The Plott is a no-frills dog originally bred to follow cold trails at speed over rough terrain and through water in all weather, and to grapple with large animals once cornered. The breed is streamlined and agile, yet powerful with great endurance. The hair is short to medium in length, fine to medium coarse in texture. The Plott is bold and confident, not backing down from a challenge. The dog’s voice is open and unrestricted, with a loud bugle-like chop or bawl.
Now the official state dog of North Carolina, the Plott’s roots spring from Germany, where Hanoverian Schweisshunds were valued for their ability to hunt wild boars and track game even over week-old trails. In 1750, 16-year-old Joahnnes Georg Plott brought five of these dogs with him to his new home in the Great Smoky Mountains. The Plott family bred their line of cold-trailing brindle dogs for seven generations, the dogs distributing across the Smoky Mountains as their family grew. Other mountain men incorporated the Plott blood into their own lines of dogs, but stories disagree as to the extent, if any, other strains were introduced to the Plotts. It was not until the early 1900s that documented crosses with other lines were made to improve the Plott strain. At that time Gola Ferguson crossed his Plotts with a strain of black-saddled hounds known as Blevins or Great Smokies, producing “Tige” and “Boss,” two hounds of such talent that even the Plott family incorporated their blood back into their line. This introduced the black-saddled brindle pattern into the breed. Almost all Plotts can be traced back to one of these dogs. In 1946 the breed finally received the official name of Plott Hound when it was recognized by the UKC. It is the only UKC coonhound breed that doesn’t trace back to foxhounds. In 1989 it was designated the official state dog of North Carolina. In 2006 the AKC admitted the Plott into the Hound Group.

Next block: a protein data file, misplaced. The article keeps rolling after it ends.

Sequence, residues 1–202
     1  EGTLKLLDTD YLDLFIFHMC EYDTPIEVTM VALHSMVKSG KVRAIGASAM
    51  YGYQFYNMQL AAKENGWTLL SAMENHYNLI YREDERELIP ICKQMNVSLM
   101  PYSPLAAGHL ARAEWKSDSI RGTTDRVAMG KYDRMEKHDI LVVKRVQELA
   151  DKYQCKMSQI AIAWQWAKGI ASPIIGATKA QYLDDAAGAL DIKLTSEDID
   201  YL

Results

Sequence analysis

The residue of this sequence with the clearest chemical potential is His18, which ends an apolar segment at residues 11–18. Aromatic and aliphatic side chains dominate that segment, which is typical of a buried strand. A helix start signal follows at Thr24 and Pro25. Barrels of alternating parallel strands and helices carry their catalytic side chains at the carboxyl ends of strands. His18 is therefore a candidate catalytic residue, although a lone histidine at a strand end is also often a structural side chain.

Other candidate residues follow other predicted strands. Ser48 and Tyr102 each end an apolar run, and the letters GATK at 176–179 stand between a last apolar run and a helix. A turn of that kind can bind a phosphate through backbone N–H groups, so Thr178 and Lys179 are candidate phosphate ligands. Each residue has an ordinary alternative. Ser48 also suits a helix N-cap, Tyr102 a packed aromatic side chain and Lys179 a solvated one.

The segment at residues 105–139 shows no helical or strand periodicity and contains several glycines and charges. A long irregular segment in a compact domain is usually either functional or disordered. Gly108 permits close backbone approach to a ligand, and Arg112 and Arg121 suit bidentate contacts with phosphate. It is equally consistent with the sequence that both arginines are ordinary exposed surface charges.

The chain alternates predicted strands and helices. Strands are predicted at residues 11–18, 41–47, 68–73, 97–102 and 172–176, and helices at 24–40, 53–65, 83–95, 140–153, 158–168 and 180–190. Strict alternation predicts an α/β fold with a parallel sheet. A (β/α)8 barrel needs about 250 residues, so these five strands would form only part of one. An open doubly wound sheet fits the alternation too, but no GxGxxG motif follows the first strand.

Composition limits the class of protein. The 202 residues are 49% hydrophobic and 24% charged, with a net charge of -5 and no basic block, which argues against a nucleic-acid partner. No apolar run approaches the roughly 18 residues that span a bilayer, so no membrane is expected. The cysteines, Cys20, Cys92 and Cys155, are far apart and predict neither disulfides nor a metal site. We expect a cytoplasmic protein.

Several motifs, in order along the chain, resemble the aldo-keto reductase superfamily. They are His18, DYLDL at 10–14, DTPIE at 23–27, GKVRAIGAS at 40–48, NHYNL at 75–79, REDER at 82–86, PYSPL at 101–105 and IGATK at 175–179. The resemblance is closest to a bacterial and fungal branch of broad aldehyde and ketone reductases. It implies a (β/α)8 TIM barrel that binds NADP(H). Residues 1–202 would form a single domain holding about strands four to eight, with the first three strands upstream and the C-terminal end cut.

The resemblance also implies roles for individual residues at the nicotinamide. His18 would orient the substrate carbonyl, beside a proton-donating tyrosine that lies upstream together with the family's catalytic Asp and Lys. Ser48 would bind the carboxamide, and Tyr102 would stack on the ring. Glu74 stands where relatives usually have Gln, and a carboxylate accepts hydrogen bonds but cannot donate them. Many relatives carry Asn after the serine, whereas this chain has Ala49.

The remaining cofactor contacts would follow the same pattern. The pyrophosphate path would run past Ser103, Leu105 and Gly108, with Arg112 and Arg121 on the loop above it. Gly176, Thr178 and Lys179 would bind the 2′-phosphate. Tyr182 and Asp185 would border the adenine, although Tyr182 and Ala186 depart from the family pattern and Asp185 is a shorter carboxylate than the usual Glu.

The Plott’s first nature is to sniff up a cold trail and follow it to the end, yet the Plott makes the transition to family dog with ease, being eager to please and loyal. This is an extremely courageous breed, and, as befitting any good hound, can be headstrong. Plotts can be wary of strangers, but generally warm up quickly. They are not as gregarious with other dogs as some hounds, and can may be protective when pushed. They may trail and chase other animals, and so should have conscientious guardians.
Plotts are easy keepers, but must have a securely fenced yard. They need canine or human companionship and an opportunity to exercise outdoors in play or on well-supervised woodland hikes. They enjoy swimming. Coat care is minimal.